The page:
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Events

The NYU Bookstore Event Series is free and open to the public unless otherwise indicated. Seating is limited and no reservations are required. For additional event information view our Event Calendar. If you are interested in scheduling an event please contact us.

 

Monday, November 3, 6pm - 7:30pm
Screening of Electoral Dysfunction Q& A with political humorist Mo Rocca & Filmmakers David Deschamps and Bennett Singer

Join us on the night before Election Day 2014 for a screening and discussion of ELECTORAL DYSFUNCTION, an award-winning documentary in which political humorist Mo Rocca discovers that there’s something funny about voting in America.

The film opens as Mo makes a startling discovery: The right to vote is missing from the Constitution. He then heads to Indiana, home to some of the strictest election laws in the country, and meets one Republican and one Democrat who take him inside their efforts to get out every vote. As he progresses on his road trip, Mo searches for the Electoral College; investigates the heated battle over Voter ID laws; critiques ballot design with Todd Oldham; and explores the case of a former felon sentenced to ten years in prison—for the crime of voting.

The screening will be followed by a Q&A with Mo Rocca, David Deschamps, and Bennett Singer, who directed the film with Leslie D. Farrell. The ELECTORAL DYSFUNCTION companion book, by Victoria Bassetti, will also be available.

This event is co-sponsored by NYU Office of Government & Community Affairs.

Tuesday, November 4, 6pm - 7:30pm
Timothy Kuhner

Timothy Kuhner, author of Capitalism v. Democracy: Money in Politics and the Free Market Constitution.

Capitalism v. Democracy offers the key to understanding why corporations are now citizens, money is political speech, limits on corporate spending are a form of censorship, democracy is a free market, and political equality and democratic integrity are unconstitutional constraints on money in politics.
Kuhner argues that nothing short of a constitutional amendment can set the necessary boundaries between capitalism and democracy.

Timothy K. Kuhner, associate professor of law at Georgia State University College of Law, teaches international law, comparative law, human rights, campaign finance, and alternative dispute resolution.

Thursday, November 6, 6pm - 7:30pm
Brian Egger/Book Launch

Brian Egger is the author of Social Media Strategies for Investing (Adams Media) the founder of BreakingCall.com. He is also a contributing writer for TheStreet.com. Brian was recognized six times as a Wall Street Journal "Best on the Street" analyst.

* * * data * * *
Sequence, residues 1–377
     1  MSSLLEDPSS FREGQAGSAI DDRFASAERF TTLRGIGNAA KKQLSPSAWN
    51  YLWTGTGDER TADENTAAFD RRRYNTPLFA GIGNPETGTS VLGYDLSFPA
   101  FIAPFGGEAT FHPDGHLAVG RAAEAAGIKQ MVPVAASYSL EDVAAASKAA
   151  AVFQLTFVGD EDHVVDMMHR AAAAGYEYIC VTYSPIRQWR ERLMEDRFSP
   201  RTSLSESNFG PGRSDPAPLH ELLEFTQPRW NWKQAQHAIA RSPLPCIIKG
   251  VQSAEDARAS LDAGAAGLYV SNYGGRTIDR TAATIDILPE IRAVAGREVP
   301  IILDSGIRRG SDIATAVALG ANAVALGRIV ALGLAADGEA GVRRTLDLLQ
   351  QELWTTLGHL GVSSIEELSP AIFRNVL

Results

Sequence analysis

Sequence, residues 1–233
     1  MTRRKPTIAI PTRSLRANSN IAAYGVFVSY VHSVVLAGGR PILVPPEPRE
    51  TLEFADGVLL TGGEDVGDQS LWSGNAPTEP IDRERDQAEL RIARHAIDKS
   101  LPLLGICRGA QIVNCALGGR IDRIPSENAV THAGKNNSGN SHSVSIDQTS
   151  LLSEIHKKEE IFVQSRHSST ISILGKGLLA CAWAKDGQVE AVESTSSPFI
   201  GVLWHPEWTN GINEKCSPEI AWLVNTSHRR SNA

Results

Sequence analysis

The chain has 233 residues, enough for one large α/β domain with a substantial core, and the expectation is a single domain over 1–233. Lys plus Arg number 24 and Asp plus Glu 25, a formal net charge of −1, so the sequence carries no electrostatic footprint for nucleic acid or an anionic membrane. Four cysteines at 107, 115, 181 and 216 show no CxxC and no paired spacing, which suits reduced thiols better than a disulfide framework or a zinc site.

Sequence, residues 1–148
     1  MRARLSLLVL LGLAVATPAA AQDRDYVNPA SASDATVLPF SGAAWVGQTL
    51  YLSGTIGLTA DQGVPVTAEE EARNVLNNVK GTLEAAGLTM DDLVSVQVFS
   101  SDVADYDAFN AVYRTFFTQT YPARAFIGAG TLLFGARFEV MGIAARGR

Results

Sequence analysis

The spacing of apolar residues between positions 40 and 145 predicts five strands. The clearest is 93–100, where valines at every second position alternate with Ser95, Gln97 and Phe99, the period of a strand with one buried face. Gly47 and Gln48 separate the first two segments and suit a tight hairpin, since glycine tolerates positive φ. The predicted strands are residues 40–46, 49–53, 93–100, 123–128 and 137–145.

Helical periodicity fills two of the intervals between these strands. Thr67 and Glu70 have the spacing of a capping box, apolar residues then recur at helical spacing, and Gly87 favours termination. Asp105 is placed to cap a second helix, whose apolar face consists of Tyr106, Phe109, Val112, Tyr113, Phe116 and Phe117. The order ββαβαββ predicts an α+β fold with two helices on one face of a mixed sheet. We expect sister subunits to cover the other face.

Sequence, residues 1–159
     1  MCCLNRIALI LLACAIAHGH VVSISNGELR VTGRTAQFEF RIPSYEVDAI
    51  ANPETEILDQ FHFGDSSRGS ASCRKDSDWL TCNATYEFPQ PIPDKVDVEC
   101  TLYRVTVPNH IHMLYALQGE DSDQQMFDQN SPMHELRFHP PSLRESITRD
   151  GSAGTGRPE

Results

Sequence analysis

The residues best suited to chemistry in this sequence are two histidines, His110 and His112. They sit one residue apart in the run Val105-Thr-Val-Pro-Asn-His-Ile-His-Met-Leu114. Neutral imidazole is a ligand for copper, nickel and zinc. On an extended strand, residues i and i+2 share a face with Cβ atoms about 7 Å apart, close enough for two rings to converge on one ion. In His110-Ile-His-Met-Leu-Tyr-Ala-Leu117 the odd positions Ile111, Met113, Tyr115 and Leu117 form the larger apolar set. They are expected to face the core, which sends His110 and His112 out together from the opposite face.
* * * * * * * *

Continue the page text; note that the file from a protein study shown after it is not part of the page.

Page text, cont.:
With Social Media Strategies for Investing you will not only enhance your understanding of the stock market, but also use social media to maximize your profits. This comprehensive guide provides you with specific strategies for using social media as an investment tool to gain a greater understanding of today's market, so you won't get left behind.

Thursday, November 13, 6pm - 7:30pm
Leslie Coffin

Leslie Coffin is the author of Hitchcock's Stars: Alfred Hitchock and the Hollywood Studio System. Hitchcock's Stars is a chronological study of Hitchcock's Hollywood films and the innovative approach he took to casting films. Chronicling Hitchcock's twenty-eight pictures within the Hollywood system, Coffin examines how his use of stars evolved, and how his status in the industry eventually allowed him to create new stars, change their images, and turn them into film icons.

Lesley L. Coffin is a freelance writer on film and popular culture. She is the author of Lew Ayres: Hollywood's Conscientious Objector (2012).

Tuesday, November 18, 6pm - 7:30pm
Reading/discussion with Patrick Stancil, translator of The Sleepworker, by Cyrille Martinez.

Joseph Patrick Stancil has studied French and translation at UNC-Chapel Hill and New York University. The Sleepworker is his third translation to be published. He currently lives and works in New York City.

Originally from the south of France, Cyrille Martinez is a poet and novelist living in Paris. Using the story of Andy Warhol and John Giorno and their film Sleep as a starting point, The Sleepworker reads like a Warhol film on fast-forward.